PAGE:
Jump to:Page Content
It all started one night in 2004 over dinner at the Charles Hotel. Professor Michael Ignatieff and his wife, Zsuzsanna, sat down with three mysterious strangers, whom the couple later referred to as the “men in black.”
Their pitch to Ignatieff was as intriguing as it was audacious, given his background as an accomplished teacher, journalist, and novelist. Would he leave the Harvard Kennedy School (HKS) to run for leader of Canada’s beleaguered Liberal Party, and ultimately for prime minister?
“What didn’t well up inside me was laughter. It should have. The idea was preposterous,” Ignatieff writes in “Fire and Ashes: Success and Failure in Politics,” an elegant and unflinching memoir of his disastrous six-year flameout from the pillowy cocoon of academia into the foul trenches of modern politics. The book is out this month from Harvard University Press.
“ ‘Fire and Ashes’ is the story of why … I said yes to the men in black.”
Ignatieff returned to his native Canada, winning election to the House of Commons in 2006. After losing a bid that year to become the Liberal Party leader, he was named deputy chief, a post he held until late 2008, when leader Stephane Dion resigned and “Iggy,” as he is known, was elevated to interim head. In 2009, he was elected leader, only to usher the party to its worst defeat in its history in 2011, winning just 34 seats in Parliament. Ignatieff, who even lost his own seat, resigned not long after that.
“If you don’t understand you can lose and don’t understand what you can lose when you lose, you shouldn’t go into [politics],” Ignatieff said in a recent Gazette interview from Toronto.
“But it’s not a book whose premise is ‘feel my pain.’ I feel good about having done it, I feel actually lucky to have done it, and I don’t regret doing it. I just think any honest account of politics has to talk about how bad it hurts the morning after you get clobbered. I think that’s important. It’s important to the truth of the experience.”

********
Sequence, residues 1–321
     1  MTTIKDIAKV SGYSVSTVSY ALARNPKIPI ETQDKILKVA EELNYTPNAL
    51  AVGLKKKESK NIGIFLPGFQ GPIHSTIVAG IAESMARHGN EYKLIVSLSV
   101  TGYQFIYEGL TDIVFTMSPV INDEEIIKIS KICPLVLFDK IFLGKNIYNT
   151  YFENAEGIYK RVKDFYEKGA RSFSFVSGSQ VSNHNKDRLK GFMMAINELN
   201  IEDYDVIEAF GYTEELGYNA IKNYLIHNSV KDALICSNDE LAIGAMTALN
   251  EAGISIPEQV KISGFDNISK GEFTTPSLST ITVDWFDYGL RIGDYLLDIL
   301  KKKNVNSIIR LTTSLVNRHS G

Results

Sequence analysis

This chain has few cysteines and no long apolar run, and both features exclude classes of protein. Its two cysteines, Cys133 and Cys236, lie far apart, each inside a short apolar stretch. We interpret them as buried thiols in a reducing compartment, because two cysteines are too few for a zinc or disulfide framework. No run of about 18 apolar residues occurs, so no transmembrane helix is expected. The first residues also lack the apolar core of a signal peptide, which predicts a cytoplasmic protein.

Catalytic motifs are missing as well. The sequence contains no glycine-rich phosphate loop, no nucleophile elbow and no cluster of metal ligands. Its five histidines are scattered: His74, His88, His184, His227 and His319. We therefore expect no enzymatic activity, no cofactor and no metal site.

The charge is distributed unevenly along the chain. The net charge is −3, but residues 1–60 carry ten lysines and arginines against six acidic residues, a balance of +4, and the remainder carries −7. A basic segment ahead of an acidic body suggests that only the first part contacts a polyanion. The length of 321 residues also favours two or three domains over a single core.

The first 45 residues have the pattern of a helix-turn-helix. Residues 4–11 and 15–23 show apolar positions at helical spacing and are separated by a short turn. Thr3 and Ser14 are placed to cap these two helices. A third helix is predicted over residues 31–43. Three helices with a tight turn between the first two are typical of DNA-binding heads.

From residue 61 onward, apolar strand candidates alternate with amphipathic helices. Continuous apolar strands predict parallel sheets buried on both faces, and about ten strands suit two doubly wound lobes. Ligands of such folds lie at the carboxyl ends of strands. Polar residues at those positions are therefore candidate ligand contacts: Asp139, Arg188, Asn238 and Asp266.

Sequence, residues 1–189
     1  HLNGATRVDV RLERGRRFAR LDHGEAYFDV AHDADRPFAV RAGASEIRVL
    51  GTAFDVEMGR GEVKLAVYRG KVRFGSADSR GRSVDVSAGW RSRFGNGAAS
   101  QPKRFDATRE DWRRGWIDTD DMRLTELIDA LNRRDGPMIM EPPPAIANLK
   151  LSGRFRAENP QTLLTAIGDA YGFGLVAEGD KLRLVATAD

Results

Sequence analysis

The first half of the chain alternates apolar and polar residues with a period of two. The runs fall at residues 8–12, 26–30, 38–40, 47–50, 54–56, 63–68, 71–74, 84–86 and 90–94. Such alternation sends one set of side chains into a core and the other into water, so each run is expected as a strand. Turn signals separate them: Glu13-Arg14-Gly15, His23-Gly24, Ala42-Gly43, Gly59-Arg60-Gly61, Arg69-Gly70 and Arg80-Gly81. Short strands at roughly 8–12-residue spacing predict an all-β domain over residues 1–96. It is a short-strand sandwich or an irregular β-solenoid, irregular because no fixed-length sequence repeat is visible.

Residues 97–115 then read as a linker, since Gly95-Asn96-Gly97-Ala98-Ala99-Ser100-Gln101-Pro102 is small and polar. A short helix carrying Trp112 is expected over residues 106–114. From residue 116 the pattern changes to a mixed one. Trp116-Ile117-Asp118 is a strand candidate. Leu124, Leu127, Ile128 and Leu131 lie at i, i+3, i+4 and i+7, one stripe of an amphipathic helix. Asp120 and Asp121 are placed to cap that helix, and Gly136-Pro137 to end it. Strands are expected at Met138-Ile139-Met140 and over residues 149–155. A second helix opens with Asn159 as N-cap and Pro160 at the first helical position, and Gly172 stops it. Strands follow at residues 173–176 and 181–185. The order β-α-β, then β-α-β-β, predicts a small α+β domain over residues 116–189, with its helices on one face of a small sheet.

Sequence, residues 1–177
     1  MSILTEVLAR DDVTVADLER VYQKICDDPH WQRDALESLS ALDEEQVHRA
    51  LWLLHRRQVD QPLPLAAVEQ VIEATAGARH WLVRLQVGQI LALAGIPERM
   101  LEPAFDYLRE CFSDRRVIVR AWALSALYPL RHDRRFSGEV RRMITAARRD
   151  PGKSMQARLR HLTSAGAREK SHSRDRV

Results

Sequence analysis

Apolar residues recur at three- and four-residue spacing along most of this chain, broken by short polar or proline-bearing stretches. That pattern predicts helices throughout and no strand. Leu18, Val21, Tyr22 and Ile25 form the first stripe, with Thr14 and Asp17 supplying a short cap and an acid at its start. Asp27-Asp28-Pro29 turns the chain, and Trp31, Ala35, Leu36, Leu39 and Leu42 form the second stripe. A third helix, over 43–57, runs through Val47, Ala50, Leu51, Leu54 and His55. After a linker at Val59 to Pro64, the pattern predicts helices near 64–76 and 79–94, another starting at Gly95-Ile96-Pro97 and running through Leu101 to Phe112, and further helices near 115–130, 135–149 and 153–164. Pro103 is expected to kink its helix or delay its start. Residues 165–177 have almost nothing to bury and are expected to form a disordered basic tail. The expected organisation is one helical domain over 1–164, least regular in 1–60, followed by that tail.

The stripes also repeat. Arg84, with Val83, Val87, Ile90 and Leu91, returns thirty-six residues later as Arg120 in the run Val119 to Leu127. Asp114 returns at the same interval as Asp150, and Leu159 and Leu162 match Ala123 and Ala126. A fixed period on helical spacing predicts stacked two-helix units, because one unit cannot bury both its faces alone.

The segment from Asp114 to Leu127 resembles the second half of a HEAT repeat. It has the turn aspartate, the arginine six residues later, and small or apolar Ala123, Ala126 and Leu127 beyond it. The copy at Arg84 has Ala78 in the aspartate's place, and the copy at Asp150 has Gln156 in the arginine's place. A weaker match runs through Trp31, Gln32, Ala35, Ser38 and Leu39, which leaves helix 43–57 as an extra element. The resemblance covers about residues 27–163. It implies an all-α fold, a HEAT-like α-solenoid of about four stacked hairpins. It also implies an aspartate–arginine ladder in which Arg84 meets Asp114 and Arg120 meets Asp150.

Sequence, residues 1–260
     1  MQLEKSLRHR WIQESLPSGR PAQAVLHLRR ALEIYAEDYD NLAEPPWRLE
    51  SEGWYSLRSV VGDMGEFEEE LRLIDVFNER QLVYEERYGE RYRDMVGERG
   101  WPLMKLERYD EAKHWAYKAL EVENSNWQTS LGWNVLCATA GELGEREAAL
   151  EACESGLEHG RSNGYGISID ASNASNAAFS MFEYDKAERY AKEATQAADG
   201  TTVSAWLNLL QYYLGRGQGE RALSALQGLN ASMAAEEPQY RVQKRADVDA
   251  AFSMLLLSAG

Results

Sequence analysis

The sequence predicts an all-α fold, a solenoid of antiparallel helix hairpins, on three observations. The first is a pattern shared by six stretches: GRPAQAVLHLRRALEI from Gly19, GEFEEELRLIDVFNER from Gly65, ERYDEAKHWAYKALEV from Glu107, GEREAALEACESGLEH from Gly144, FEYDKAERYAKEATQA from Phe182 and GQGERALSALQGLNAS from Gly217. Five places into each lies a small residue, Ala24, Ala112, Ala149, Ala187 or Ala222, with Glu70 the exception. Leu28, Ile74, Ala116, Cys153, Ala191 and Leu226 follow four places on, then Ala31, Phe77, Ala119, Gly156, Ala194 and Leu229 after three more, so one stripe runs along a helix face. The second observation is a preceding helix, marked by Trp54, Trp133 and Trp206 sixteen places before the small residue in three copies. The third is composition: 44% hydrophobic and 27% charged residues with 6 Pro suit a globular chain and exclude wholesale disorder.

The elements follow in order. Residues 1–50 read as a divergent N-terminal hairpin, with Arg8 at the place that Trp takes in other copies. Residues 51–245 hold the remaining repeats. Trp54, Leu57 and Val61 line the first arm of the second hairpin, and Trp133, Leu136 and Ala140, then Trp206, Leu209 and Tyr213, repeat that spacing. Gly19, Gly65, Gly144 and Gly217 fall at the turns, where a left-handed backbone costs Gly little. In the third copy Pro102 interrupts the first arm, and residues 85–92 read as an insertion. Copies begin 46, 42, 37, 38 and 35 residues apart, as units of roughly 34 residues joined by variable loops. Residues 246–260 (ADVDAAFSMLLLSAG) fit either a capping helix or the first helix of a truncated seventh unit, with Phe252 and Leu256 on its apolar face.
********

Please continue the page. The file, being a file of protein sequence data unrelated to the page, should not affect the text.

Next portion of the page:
“Very few Harvard professors go straight from the classroom into the cold room of electoral politics — Elizabeth Warren’s done it and a few others … but rather few run for elective office,” he said. “So I thought, if you start from a classroom, what’s it like to do it? I thought it would be interesting to tell the story of what has to change inside your head, what has to change inside you, in order to do it.”
He currently teaches at the Munk School of Global Affairs at the University of Toronto, but will return to HKS in January to teach “Responsibility and Representation: Meeting the Demands of Public Office” and “Sovereignty and Intervention.”
In hindsight, it seems clear that his viability as a novice candidate — one best known as a public intellectual — who was running for national office in a country he hadn’t lived in for 30 years would be limited. But, Ignatieff said, when he decided to run, he was motivated by his family’s rich diplomatic history as well as by his belief in the nobility of public service and his faith in the egalitarianism and romance of democracy.
He had the “deep moral belief that democracy is not merely the least worst form of government, but, much more positively, the best form of government, the form of government that can bring out the best in us,” he said. There was “the sense that you may be a Harvard professor, but your vote is not worth any more than anybody else’s. Democracy is the system that tries to counterbalance the power of money and the power of expertise and the power of privilege. And I feel very deeply attached to that ideal.” read more
Michael Ignatieff, professor of practice
“If you don’t understand you can lose and don’t understand what you can lose when you lose, you shouldn’t go into [politics].”